By Richard Schwary – Ask The Expert about silver bullion coins – www.golddealer.com ……
The Big Three when it comes to legal tender silver bullion coins are of course the American Silver Eagle 1 oz, the Canadian Silver Maple Leaf 1 oz, and the Austrian Silver Philharmonic 1 oz. From a weight standpoint they are the same and all three are struck in pure silver.
And from a consumer viewpoint all are very popular and all three silver bullion coins are accepted and traded worldwide. But there are differences between the three which are not obvious and unfortunately not understanding these differences can create a hole in your investment plan.
So let’s study a bit more carefully before deciding which one is best.
The distribution of the American Silver Eagle 1 oz is controlled through official distributors and production slowdowns by the United States Mint can lead to wild premium changes throughout the year. In 2013 the premium on American Silver Eagle 1 oz coins increased dramatically when vendor production of raw coin blanks slowed. This low-to-high premium swing also happens at the end of each calendar year as the US Mint retools for the normal date change.
Most of the year the premium on the US Silver Eagle Monster Box is steady but if production hits a rough patch premiums could double. And when Mint production resumes, premiums decrease. So if you bought at the wrong time you may not be able to recover a very high premium when you sell.
Such premium swings are not seen with the other two silver bullion coins, the Canadian Silver Maple 1 oz and the Austrian Silver Philharmonic 1 oz.
But all of this is really minor compared to the real consumer abuse, which regularly happens when the American Silver Eagle 1 oz, a common bullion coin, is graded by both PCGS (Professional Coin Grading Service) and NGC (Numismatic Guarantee Corporation). Not that the grading services are at fault for what follows, but they certainly should not be held harmless as the coin telemarketing industry then sells these ticking time bombs to newcomers for ridiculous premiums.
The uninitiated bullion buyer is told by the telemarketing robbers that their certified American Silver Eagle 1 oz is rare and worth considerably more than a similar coin that is not certified – but this is fabrication.
And when the uneducated silver bullion coin buyer decides to sell his certified American Silver Eagle he can’t figure out why he paid so much for the coins going in and is now looking at a substantial loss coming out – even if the price of silver is basically the same.
This story has a darker side because the newbie now associates all silver bullion dealers with used car dealers or ambulance chasing attorneys. And it gets worse if you really want to do your homework. If the consumer placed these high-priced certified examples in their IRA (Individual Retirement Account) the losses might be even worse. And this might bring in the Feds because selling certified silver bullion for ridiculous premiums is against the law.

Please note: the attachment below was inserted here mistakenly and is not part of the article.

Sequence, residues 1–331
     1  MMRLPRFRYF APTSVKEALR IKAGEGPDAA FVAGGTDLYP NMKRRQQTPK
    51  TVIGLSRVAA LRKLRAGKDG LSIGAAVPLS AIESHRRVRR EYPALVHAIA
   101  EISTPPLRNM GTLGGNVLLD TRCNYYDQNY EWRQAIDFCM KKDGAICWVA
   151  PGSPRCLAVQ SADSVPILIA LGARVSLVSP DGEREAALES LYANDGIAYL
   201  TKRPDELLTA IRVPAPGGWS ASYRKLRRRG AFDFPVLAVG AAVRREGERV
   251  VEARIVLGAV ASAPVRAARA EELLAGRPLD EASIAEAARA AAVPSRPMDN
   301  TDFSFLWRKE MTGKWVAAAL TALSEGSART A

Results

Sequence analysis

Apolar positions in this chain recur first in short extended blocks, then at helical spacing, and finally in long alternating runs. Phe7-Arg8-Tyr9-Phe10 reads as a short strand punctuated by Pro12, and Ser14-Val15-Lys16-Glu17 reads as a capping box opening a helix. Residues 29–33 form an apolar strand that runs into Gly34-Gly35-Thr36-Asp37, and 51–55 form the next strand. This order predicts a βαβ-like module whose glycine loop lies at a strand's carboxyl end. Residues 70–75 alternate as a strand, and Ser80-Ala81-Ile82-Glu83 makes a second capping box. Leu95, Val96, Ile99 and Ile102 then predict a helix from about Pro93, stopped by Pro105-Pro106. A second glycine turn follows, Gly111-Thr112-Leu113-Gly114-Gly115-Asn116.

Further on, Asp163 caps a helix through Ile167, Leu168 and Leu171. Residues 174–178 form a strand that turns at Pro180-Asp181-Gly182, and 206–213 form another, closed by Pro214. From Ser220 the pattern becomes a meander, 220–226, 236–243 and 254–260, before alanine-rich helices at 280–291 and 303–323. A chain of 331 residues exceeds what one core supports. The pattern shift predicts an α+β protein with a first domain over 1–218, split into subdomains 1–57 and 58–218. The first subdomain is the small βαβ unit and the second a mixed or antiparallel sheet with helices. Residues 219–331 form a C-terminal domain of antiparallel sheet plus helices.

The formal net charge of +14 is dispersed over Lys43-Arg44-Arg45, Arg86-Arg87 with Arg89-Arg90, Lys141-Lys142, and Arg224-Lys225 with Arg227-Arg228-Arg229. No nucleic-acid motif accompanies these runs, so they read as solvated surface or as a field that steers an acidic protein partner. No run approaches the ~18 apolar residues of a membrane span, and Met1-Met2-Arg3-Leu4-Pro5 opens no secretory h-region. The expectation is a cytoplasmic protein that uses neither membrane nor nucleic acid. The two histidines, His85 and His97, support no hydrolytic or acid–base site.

Now I know some might take offense to this broad statement concerning the rights of free enterprise but none the less it is against the law. When the selling dealer holds himself out as an “expert” to a novice buyer and further suggests an investment, he cannot materially alter the facts because the novice relies on his expertise to make a decision.
Calling any American Silver Eagle 1 oz bullion coin rare because of certification is not just retail puffing, it is hiding the truth. The US Mint produces millions of these coins year in and year out and they are all basically the same so the term “rare” does not apply. And the fact that any particular coin is “certified” makes no difference.
So why aren’t the Canadian Silver Maple Leaf 1 oz and the Austrian Silver Philharmonic subject to the same telemarketing abuse? Because neither has the patriotic affiliation which comes with the American Silver Eagle 1 oz and the affiliation to the US Mint that always holds sway. This abuse makes the sale of certified American Silver Eagle 1 oz coins for high premiums particularly disgusting.
So should the American consumer avoid the beautiful American Silver Eagle 1 oz? Of course not – it’s one of the most popular of all silver bullion investments. But that same consumer would do well in calculating the premium over spot before writing the check.
A fair premium on the American Silver Eagle 1 oz will run between $2.00 and $3.00 over spot per coin. The premium on both the Canadian Silver Maple Leaf 1 oz and the Austrian Silver Philharmonic 1 oz is roughly a dollar less – coming in at around $2.00 over spot per coin.
So the silver bullion coin investment lesson here is to get a calculator and do the math. Most legitimate bullion dealers clearly post premiums before sale but most telemarketers stay up at night trying to hide the differences between certified bullion coins and what you thought you were buying – low-premium bullion that moves directly with the market.